How ITIL Differentiates Problems and Incidents
Students in ITIL® Foundation classes often find it challenging to differentiate between incidents and problems. To address this issue and offer clarification, this blog will identify the differences between incidents and problems, how they are related, and why it matters.
What is an Incident?
According to ITIL, an incident is an unplanned interruption to a service or a degradation in the quality of a service. What often determines the classification of something as an incident is whether or not the service level agreement (SLA) was breached. However, ITIL allows for raising an incident even before an SLA has been breached in order to limit or prevent impact. In layman’s terms, an incident is the representation of an outage.
What is a Problem?
According to ITIL, a problem is the root cause of one or more incidents. Problems can be raised in response to one or more incidents, or they can be raised without the existence of a corresponding incident. In layman’s terms, a problem is the representation of the cause or potential cause or one or more outages.
What is the Relationship Between Incidents and Problems?
Generally speaking, the relationship between the two is that one problem is the cause of one or more incidents. However, it is possible to have an incident (or group of incidents) that is caused by more than one problem.
Why Does ITIL Distinguish Between Incidents and Problems?
The point of distinguishing between incidents and problems is the same as separating cause and effect. Problems are the cause, and incidents are the effect.
ITIL encourages organizations to distinguish between these things because the two are often treated and resolved differently. Addressing an incident simply means that whatever service was impacted has been temporarily restored. It does not mean that the incident will not recur at some time in the future. When I say “temporarily,” keep in mind that could mean one minute or 10 years. The point is that a resolution to an incident is not permanent.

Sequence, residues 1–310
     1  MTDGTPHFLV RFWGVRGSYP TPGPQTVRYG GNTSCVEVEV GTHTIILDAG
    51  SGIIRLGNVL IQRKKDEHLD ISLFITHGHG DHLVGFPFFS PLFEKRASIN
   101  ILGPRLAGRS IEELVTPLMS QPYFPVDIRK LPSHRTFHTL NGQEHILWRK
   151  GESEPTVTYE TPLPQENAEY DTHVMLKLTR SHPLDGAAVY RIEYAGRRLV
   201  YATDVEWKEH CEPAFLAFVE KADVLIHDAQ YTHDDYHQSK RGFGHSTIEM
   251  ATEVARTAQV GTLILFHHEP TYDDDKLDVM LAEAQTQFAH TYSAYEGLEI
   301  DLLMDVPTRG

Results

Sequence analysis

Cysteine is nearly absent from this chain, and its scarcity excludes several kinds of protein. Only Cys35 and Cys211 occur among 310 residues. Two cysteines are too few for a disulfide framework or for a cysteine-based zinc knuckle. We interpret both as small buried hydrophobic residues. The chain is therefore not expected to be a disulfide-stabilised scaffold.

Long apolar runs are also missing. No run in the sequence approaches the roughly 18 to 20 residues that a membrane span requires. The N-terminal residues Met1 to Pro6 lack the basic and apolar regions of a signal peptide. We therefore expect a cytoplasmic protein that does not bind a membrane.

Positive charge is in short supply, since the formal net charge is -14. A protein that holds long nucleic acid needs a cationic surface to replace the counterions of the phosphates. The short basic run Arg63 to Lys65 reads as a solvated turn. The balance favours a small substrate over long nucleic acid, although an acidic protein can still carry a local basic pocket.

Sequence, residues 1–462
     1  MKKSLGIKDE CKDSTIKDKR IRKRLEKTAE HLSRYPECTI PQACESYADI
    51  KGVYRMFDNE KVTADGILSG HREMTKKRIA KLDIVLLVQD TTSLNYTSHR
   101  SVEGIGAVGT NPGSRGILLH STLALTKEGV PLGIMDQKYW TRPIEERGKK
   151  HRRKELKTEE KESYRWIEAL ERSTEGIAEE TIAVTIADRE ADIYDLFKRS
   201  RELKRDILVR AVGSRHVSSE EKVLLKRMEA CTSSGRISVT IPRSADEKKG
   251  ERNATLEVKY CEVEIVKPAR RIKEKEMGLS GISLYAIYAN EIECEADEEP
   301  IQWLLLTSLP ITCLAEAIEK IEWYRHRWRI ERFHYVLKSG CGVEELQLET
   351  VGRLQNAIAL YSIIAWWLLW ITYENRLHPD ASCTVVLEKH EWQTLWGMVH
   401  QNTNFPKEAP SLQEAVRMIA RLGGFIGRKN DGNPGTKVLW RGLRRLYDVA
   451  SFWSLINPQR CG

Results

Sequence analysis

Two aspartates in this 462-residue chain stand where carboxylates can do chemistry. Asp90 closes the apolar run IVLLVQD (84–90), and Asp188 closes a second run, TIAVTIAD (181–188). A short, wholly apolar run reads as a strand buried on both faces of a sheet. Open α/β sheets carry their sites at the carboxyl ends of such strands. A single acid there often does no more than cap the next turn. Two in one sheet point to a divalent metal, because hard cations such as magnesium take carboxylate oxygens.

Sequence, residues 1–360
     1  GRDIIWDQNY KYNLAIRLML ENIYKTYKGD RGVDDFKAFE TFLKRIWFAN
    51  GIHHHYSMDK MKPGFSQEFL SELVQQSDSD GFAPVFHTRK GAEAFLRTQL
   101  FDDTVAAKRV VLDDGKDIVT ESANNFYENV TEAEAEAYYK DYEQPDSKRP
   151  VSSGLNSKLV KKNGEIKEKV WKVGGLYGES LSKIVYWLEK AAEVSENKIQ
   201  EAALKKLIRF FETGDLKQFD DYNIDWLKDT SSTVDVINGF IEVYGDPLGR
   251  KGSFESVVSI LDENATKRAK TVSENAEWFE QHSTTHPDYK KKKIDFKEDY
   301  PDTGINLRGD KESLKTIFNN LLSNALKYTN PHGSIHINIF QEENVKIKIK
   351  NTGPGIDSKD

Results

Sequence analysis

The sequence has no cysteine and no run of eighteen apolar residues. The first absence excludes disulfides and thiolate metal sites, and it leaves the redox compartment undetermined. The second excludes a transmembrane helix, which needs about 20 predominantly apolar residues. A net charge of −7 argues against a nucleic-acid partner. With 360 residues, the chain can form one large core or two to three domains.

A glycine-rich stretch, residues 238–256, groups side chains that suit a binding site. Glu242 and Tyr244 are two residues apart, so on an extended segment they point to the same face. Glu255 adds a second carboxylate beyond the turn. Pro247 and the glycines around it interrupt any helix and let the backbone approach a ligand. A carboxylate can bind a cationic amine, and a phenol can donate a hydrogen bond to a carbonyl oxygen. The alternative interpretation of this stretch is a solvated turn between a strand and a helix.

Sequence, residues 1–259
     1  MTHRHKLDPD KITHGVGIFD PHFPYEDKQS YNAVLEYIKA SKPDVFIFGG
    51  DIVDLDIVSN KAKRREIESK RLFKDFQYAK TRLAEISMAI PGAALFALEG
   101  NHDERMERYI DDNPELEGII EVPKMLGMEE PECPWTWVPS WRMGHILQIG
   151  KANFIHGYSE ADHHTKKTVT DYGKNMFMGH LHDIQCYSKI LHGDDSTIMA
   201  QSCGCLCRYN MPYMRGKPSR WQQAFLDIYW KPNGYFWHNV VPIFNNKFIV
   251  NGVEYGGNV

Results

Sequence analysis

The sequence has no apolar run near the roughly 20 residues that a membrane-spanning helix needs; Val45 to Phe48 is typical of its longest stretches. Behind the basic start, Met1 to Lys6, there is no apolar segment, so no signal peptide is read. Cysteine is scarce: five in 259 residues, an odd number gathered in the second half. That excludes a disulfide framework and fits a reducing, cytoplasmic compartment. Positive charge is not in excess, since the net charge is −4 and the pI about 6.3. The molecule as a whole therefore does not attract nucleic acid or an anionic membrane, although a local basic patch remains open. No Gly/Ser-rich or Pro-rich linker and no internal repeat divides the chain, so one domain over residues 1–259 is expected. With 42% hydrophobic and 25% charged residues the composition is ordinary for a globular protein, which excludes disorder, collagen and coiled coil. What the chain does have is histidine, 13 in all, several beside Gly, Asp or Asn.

Problems, however, are the cause of incidents. We might use different techniques to identify the root cause of a problem and ultimately resolve that problem. When a resolution occurs, change management is invoked because addressing root causes often entails some amount of risk.
Effective incident management ensures that as a service provider you are able to keep the promises you made in your SLAs by providing a mechanism to quickly restore service when it’s necessary. Problem management ensures that as a service provider you are able to reactively respond to incidents so that they don’t recur and proactively prevent incidents from happening.
These are separate processes because they often require different skill sets and activities. Incident management wants to quickly restore service in line with any SLAs that are in place whereas problem management wants to eliminate the root causes of incidents. Sometimes to properly address a problem, a service provider must cause or extend an existing outage.
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